At Arizona State University in Phoenix, undergraduate and graduate students of the Walter Cronkite School of Journalism will focus on election coverage through the school’s converged newsroom. The stories will be on Cronkite News Service website, according to its executive multimedia producer, Lily Ciric Hoffmann. 

At the William Allen White School of University of Kansas in Lawrence, a dozen students and recent graduates working on the PoliticalFiber project will provide live blogging, photos and video coverage of student voters and other election-related happenings. “Once the vote is in, we’ll provide local results for Lawrence and Kansas and tell our readers what the outcome means to issues that most impact young adults,” says project coordinator Pam Fine, the Knight Chair in News, Leadership and Community.  

At the E.W. Scripps School at Ohio University in Athens, Ohio, WOUB Public Media will be carrying election coverage at http://woub.org/election-2012. It serves more than 30 counties in Southeast Ohio and West Virginia. On election night, about 50 students and staff will report results from 20 local counties and Ohio and West Virginia statewide races, says electronic journalism professor Mary Rogus.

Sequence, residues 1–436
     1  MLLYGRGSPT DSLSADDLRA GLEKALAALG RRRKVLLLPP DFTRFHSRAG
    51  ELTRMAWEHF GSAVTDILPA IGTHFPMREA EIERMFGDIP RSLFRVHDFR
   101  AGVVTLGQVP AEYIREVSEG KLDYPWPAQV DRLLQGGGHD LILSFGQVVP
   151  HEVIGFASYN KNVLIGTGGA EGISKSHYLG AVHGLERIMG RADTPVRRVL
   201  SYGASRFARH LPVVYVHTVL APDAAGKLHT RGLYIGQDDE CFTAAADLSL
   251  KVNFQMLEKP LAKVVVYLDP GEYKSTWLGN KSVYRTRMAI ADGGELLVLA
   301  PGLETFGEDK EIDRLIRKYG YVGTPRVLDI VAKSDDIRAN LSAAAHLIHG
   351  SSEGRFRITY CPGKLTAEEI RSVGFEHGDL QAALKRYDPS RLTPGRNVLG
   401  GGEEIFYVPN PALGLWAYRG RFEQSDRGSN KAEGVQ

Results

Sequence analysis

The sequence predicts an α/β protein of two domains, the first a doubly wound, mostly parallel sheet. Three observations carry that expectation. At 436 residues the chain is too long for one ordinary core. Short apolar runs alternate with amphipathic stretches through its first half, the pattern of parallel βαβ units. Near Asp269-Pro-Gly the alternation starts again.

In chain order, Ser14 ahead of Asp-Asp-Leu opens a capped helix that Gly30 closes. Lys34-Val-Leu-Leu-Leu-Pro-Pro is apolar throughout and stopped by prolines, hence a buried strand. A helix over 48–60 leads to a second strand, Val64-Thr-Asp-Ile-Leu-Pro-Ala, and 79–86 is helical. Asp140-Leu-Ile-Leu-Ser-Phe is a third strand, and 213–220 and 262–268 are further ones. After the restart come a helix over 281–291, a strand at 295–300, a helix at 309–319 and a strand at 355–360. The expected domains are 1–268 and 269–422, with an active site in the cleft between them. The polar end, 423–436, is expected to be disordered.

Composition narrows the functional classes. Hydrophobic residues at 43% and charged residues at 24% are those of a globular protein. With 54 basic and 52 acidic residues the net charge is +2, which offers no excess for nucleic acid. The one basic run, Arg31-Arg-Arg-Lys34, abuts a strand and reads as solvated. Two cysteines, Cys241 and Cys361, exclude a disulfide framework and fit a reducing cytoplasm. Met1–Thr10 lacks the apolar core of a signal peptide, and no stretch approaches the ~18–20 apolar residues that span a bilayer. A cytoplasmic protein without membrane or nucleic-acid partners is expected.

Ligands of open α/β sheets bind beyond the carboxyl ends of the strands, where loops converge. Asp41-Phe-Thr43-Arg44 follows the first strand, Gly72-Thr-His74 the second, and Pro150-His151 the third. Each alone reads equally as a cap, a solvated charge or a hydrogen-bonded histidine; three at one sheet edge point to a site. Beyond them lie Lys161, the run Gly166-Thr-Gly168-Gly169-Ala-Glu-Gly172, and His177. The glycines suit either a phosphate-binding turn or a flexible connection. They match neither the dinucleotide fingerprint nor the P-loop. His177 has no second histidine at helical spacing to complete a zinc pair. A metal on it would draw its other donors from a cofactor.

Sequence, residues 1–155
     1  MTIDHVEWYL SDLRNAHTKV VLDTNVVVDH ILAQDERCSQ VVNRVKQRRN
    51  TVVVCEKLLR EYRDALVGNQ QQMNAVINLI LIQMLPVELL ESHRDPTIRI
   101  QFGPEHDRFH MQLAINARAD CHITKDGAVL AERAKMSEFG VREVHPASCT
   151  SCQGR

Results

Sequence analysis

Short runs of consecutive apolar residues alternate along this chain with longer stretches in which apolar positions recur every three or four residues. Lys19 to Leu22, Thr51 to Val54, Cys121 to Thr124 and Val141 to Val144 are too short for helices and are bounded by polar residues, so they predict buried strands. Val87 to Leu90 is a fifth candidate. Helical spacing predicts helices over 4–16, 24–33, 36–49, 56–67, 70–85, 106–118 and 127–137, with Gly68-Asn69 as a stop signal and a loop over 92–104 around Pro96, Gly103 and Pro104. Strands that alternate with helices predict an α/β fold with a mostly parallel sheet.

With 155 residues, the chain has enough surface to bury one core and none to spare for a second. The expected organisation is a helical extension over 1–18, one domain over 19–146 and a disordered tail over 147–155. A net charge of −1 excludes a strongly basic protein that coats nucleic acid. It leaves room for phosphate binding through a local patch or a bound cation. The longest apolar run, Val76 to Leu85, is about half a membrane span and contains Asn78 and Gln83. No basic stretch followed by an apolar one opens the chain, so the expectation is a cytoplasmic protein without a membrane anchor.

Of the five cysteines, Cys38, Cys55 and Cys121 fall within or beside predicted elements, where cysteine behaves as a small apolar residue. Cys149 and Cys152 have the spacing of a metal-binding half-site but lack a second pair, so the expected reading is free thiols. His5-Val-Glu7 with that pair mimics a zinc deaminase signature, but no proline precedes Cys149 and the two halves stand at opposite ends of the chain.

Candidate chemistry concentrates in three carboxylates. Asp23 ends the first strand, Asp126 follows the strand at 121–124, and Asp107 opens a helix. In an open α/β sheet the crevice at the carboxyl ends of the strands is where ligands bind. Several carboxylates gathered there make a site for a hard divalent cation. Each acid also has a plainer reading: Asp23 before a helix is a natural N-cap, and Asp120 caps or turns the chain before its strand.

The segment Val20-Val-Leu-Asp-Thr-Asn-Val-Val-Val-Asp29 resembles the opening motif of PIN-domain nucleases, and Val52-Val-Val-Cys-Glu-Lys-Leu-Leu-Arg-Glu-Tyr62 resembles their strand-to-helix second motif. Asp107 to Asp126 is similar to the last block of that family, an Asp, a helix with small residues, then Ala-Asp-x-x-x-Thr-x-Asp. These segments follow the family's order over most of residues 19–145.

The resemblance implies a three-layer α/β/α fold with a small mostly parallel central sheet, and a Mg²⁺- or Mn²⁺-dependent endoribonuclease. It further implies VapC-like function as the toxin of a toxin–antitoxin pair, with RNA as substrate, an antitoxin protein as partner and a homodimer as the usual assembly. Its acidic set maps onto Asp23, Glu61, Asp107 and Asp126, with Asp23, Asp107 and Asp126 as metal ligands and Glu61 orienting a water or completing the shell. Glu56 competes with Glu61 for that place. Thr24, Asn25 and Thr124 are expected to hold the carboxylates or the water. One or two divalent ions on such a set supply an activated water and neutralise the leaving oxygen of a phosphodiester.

At Kent State University in Kent Ohio, more than 100 students will cover Election Day in this swing state of Ohio as candidates make their final pitches, says Barbara Hipsman, one of the professors overseeing the coverage. The students’ work will be at Kentwired.com and feature coverage ranging from the student TV station to curated stories by the beginning newswriting class. 

At Columbia College Chicago, students in "Covering Politics" will be reporting on fiercely fought Illinois congressional races and the election night rally for President Barack Obama at McCormick Place. The students' multimedia stories will be on ChicagoTalks.org, a hyper-local news website run by the journalism department. "This is terrific real-life experience on a major news story," says Nancy Day, department chair and instructor for the political reporting course.